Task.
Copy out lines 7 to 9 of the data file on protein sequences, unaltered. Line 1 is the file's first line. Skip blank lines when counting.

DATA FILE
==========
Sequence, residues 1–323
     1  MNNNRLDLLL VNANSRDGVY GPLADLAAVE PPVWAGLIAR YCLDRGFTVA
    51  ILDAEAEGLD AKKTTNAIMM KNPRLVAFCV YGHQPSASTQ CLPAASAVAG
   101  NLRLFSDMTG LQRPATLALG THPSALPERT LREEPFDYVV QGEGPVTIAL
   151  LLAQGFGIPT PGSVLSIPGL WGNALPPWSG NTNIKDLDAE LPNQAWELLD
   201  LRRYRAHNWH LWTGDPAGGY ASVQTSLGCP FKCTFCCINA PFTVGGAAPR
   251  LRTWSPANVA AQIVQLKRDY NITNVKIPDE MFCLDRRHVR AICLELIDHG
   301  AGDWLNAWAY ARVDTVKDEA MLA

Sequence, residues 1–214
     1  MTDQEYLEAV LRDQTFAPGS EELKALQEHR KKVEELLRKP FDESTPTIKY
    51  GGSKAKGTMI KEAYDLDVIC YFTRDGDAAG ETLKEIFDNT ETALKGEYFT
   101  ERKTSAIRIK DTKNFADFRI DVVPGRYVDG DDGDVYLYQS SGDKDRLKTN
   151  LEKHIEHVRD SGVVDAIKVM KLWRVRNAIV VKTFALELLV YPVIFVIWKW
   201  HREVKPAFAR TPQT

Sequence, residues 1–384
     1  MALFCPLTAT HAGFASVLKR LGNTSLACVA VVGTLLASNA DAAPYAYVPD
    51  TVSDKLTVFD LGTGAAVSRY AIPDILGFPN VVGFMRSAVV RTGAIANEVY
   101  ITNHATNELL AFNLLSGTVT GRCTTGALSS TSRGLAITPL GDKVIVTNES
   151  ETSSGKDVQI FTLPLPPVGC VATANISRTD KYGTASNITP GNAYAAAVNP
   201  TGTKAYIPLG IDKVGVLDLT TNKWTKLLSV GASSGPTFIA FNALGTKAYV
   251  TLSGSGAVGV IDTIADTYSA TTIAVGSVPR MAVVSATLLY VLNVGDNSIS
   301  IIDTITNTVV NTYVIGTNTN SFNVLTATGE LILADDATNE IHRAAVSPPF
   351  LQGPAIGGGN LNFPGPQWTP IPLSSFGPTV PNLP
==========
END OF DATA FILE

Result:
   251  LRTWSPANVA AQIVQLKRDY NITNVKIPDE MFCLDRRHVR AICLELIDHG
   301  AGDWLNAWAY ARVDTVKDEA MLA

Sequence, residues 1–214